This is a serious matter and I ask you to think about it and have a change of heart and mind. The future of the Christian faith is what is at stake here. God chose to communicate the faith in the inspired and innerrant words of scripture and so we need to take words very seriously. Please have a change of mind and turn to scripture and the confessions as the basis for doctrine and truth. Christ’s church needs you and your support so that all parts of the body of Christ can do thier part to make sure that the gospel is preached in its purity and the sacraments are administered according to Christ’s command. We would live to have your support here at the Brothers of John the Steadfast.

    I thank you for your interest in our site and encourage your continued participation.

    Pastor Rossow

  7. John Hooss,

    I guess I agree with you given the current understanding of and the current state of the Synod, but if we could somehow get back to Walther’s understanding of the synod as nothing other than the true visible church on earth, then I am ready to call it beloved for then it is the body of Christ, His church. http://www.reclaimingwalther.org/articles/cfw00006.htm

    As we move ahead in our discussion of and renewal of the LCMS I believe it would be beneficial for us to understand synod, or whatever we call the collection of orthodox churches, to be a true expression of the body of Christ. I do not think that we need to give up on the notion of a meaningful collection of orthodox churches. It can be more than the tractor. It is the very field and soil that gives us birth.

    Pastor Rossow

  8. St. Paul says:
    ’Do not conform yourselves to this age but be transformed by the renewal of your mind, that you may discern what is the will of God.’
    Not the will of the human heart or the will of good intentions (or bad ones), not the will of those with ‘spiritual needs’ that muct be met before they’ll join the throng, and not the will of our Synodical betters, but the will of God.
    Not conforming to custom or to the felt needs of the weak or the most ambitious, but to the will of God.
    I don’t understand how that couldn’t appear any plainer. Unless, that is, in attempting to look at it, one fails to see beyond the end of one’s own nose.

  9. Spotted on another “lutheran” blog:

    Confessional= sort of like Piety

    Confessionalist= sort of like Pietist

    Confessionalistic= sort of like Pietistic

    Only 2 of these seem to be valid…I wonder which 2?

  10. #40 Anonymous,
    I’m not sure that we’re called to be a “smart church” as the prevailing culture defines “smart.” It appears that the Apostle Paul in 1 Cor 1 requires us to preach a message that human culture will always consider “foolish,” and a “stumbling block;” “Jesus Christ, and Him crucified.”
    Jesus Christ, and Him crucified is also precisely what we receive for the forgiveness of our sins in the Sacrament of the altar. If the Lord’s Supper is real Communion between Our Lord Jesus Christ and his bride the Church, I’m having problems with your “viral dangers,” and “turn-off” comments re. the common cup. What are you confessing about the relationship of our Lord and his bride with these concerns? It’s Christ who takes our contagion of sin from the common cup, we receive only life and salvation.

    Pax Christi,
    Matt Mills

    P.S. Perhaps I’m a stodgy dead traditionalist on marriage as well as a stodgy dead traditionalist on theology and praxis, but I’ll kiss my wife (right on the lips) even when she’s got a cold.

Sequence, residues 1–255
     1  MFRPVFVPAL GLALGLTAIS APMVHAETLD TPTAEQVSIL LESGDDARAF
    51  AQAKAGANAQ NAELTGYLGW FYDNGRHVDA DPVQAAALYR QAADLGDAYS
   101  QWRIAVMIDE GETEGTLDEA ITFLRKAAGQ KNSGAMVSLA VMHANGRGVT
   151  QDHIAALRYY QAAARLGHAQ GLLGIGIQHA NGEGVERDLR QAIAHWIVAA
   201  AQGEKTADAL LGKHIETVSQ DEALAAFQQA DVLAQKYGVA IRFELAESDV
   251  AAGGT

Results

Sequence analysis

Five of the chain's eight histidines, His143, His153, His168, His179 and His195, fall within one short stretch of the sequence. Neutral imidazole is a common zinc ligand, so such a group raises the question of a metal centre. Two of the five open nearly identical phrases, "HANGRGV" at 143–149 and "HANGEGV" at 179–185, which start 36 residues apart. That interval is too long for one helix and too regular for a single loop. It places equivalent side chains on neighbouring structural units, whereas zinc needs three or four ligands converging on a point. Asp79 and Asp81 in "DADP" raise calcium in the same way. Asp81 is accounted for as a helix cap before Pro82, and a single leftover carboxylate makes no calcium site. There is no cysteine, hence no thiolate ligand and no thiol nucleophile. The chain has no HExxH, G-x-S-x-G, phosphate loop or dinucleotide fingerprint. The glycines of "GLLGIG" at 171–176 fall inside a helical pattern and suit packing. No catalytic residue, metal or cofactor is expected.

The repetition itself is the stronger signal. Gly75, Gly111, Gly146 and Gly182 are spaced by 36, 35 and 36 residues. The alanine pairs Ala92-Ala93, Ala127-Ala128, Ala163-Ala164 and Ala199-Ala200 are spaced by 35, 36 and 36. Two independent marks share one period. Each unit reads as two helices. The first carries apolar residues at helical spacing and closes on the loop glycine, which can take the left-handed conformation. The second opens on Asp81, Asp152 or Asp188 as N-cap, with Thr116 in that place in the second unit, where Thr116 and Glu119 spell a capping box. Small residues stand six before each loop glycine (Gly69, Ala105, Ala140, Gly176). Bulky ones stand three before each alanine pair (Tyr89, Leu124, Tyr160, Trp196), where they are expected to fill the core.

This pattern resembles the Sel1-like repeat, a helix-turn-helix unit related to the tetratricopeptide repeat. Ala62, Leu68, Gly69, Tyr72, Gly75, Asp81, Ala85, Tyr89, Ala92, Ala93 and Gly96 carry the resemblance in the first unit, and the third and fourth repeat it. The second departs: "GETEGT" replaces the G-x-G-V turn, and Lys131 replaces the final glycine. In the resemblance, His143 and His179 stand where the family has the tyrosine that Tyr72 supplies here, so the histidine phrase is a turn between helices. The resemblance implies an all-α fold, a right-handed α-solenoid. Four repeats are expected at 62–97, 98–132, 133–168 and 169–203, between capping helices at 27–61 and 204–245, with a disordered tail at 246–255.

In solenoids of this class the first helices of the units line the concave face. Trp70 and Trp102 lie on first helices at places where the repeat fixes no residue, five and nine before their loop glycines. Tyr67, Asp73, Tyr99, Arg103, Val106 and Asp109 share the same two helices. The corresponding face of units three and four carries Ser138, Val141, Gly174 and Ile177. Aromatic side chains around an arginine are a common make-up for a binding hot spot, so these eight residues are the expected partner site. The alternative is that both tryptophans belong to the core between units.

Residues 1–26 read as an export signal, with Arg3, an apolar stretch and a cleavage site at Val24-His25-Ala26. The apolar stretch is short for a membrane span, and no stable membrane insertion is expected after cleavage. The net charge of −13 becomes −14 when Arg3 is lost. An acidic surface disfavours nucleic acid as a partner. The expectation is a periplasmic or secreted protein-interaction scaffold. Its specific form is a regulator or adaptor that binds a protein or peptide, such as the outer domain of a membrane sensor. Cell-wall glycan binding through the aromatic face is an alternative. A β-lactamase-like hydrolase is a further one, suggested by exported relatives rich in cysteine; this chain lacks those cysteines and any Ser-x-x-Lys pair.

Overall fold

11. Anonymous,

    In post number 27, Pastor Wilken requested that you answer his question (for the second time I believe), and you replied to him in post number 30. However, I believe that you still have not answered his question. Why is that?

  12. Interesting that it’s “not our grandfathers’ church” but it’s still (supposedly)
    “our beloved synod”! That phrase is from horse & buggy days. We did have some affection for our horses which is harder to develop for a tractor. 🙂

  13. Anonymous,

    You and I would have likely have been good friends just a few years ago. I used to buy into this line of thinking. This whole thing about cultural relevancy is attractive. You think perhaps that it is the tool for sharing something that you deeply care about. . . The gospel. So, you bend over backwards to make your church appealing to anyone who would possibly walk in the door. Singles groups, english as a second language classes, parenting classes, financial counseling services, seniors groups and the like. All to get them in the door so you can offer them what they really need, the freeing gospel of Jesus Christ.

    I admire your zeal for sharing the gospel. But, all your efforts are failing to accomplish what you intend. All the “good” things that you may be doing are drowning out the only important thing that the church needs to be doing, that is preaching the saving gospel. And it is dividing your “synod.” Just preach the pure gospel.

    By the way, I used to identify myself as a member of the LCMS. I joined as an adult in 1992. My wife too, joined in 1998. We left in 2004. In a very short time, the LCMS changed rapidly. To say, this ain’t your grandfather’s church is putting it mildly. It would have been better said, this ain’t the same church you walked into yesterday. Yet, I didn’t leave the LCMS, they left me. I went to Concorida Seminary for a short time in 1996. I left to marry my wife, but had plans for returning after she graduated college. Our return was delayed, but I did apply for readmission. Yet, I was declined readmission. Why? I have concluded it was because the LCMS and its St. Louis Seminary have changed.